‘Sure’ and she set to putting away the groceries.

Mala was quite tall for her age and had the most beautiful figure. It was as well that her father called her princess. She was a beauty to behold.

‘So what did you need your mother for?’ Radji finally asked as the last item went into its proper place.

‘Calculus’ she answered as she washed an apple at the sink and bit into it. ‘I hate calculus.’

‘So do I’ her father concurred and putting his hand in his pants pocket, he brought it out to show her a new calculator. ‘That is what calculators are for.’

‘Oh dad, I wish we were allowed to use those for exams.’ She looked at the calculator with a lot of longing.

‘Well it would no longer be an examination if you use it’ her father pointed out as he put the calculator on the table. ‘But you could use it when it is not examination time.’ He glanced at his watch, ‘I really must run, your mother would wonder what kept me.’

Mala waved him away as he headed for the door. She wished she could confide in him how she actually felt.

Her parents were really doing their best to take care of her, but ever since she left her former school things have not been the same.

She was doing real well at her academics. Most of the times she pretended not to understand some of her school-work so she could get that special attention which Ajay used to give her back at the big house. Her parents were hoping she would become some kind of academic genius, but she was tilting to the arts. She loved to sing, dance and act. Of course her parents had never shown any form of prejudice against anything she wanted, but deep down inside she felt she may be letting them down.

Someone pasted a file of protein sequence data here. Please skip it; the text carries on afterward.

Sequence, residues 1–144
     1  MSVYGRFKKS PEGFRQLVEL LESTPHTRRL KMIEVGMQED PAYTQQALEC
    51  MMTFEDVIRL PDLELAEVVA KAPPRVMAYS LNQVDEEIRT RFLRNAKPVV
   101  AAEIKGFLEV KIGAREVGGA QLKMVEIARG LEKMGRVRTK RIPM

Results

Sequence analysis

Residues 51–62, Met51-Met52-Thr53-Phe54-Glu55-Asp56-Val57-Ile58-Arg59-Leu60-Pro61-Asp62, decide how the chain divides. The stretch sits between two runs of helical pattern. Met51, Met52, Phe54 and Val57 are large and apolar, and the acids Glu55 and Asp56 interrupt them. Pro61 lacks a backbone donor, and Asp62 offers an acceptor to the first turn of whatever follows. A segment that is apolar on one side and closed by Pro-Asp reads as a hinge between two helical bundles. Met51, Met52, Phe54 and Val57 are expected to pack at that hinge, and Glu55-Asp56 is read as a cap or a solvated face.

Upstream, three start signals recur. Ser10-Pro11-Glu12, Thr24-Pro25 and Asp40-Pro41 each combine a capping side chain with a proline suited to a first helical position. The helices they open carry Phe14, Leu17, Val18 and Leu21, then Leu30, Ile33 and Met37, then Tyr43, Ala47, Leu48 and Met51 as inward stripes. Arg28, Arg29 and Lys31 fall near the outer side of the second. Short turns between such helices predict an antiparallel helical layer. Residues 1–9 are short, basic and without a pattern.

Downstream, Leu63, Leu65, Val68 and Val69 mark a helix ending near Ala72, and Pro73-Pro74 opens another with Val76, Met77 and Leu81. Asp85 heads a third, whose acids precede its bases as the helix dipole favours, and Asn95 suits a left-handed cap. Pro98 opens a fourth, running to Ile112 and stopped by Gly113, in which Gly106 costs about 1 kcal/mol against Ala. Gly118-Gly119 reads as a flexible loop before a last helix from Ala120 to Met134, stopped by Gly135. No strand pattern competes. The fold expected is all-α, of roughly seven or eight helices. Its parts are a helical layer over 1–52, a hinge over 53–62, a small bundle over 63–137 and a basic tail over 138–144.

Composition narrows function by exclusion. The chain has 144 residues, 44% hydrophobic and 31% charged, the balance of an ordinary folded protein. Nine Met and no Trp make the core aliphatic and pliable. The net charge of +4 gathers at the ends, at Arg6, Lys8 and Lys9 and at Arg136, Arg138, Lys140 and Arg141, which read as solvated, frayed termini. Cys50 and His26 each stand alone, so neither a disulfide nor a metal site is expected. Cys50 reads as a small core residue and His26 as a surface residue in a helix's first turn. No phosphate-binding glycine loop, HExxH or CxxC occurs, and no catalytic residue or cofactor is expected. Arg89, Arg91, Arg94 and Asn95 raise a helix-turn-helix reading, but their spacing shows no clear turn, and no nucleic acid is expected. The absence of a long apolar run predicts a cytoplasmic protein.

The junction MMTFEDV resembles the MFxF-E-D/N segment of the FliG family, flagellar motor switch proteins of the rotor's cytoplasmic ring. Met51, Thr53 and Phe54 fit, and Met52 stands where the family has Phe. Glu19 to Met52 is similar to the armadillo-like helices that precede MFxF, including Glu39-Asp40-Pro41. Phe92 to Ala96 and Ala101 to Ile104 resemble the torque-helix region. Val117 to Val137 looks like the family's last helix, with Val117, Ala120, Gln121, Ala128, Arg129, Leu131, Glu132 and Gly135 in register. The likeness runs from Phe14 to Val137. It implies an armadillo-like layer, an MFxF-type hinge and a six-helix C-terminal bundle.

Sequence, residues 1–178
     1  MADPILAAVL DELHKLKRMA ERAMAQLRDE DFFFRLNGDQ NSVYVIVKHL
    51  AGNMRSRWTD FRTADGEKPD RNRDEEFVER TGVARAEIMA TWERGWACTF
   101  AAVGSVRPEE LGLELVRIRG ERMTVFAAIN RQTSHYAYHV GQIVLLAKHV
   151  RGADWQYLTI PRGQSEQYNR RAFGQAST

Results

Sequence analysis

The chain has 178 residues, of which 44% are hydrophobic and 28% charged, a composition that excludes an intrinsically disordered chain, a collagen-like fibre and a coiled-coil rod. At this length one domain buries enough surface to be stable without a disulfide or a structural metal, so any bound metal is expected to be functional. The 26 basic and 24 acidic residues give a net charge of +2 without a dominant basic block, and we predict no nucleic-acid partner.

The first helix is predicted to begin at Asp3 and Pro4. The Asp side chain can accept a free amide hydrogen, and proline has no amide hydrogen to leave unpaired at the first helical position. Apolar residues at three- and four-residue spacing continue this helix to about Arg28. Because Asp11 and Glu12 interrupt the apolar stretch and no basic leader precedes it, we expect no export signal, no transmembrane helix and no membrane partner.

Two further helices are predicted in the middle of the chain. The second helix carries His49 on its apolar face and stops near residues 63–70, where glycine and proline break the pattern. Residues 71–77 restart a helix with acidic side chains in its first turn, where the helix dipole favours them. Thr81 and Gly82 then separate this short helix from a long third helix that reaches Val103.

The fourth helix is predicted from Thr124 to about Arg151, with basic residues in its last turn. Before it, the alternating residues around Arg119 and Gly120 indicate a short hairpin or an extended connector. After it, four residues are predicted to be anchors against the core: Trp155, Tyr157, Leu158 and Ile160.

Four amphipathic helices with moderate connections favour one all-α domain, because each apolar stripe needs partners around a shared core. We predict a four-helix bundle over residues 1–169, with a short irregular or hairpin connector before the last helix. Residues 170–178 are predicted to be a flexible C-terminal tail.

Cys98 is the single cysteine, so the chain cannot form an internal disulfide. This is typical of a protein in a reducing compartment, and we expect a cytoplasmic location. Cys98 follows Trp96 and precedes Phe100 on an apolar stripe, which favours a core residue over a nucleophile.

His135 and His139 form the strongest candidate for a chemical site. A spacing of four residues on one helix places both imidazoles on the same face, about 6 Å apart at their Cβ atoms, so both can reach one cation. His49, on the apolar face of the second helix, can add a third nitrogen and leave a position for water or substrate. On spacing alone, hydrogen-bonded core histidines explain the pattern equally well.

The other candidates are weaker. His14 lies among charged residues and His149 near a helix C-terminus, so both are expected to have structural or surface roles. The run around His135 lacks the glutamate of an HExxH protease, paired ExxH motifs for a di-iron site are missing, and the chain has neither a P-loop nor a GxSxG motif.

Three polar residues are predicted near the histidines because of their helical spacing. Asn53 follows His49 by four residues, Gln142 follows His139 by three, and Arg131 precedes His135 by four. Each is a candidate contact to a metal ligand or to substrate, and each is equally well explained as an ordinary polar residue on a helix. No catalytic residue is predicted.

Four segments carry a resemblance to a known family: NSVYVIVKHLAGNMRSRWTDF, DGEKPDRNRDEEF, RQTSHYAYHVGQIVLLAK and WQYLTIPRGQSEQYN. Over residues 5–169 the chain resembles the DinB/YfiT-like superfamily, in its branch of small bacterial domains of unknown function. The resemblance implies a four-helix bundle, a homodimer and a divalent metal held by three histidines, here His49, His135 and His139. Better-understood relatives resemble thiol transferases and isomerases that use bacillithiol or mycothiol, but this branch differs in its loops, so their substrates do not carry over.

It is at times like this that she missed Patel. Patel had been a good friend of hers until they got kicked out and his father forbade their association. That was three years ago and he was in his early teens then, but now he was seventeen and pretty much able to do as he pleased.

She had been quite surprised at his visit three days ago. She had not told her parents about it for she did not want to upset them. She had always seen Patel as an older brother, the two years they had been apart seemed like decades to her young mind.

They had discussed everything under the heavens ranging from the home front to school and growing up. She saw him as ancient, he being all of seven years older than she, so she discussed all her worries with him with ease.

He had been quite supportive of her desire to go into show business when she grows up. Though she knew she was quite young to be thinking about a career, but she had felt good sharing her dreams with him.

Before he left, he had given her a memento, a locket with his photo in it. She had it tucked into the bottom of her dresser. To her it was a prized possession. She really wished she had a brother like him in the house, she wouldn’t feel as lonely as she did most of the time. Her mother was not yet past the age of having children and she was sure that someday her dream would come true. But meanwhile she just had to make do with the occasional promised visits of Patel.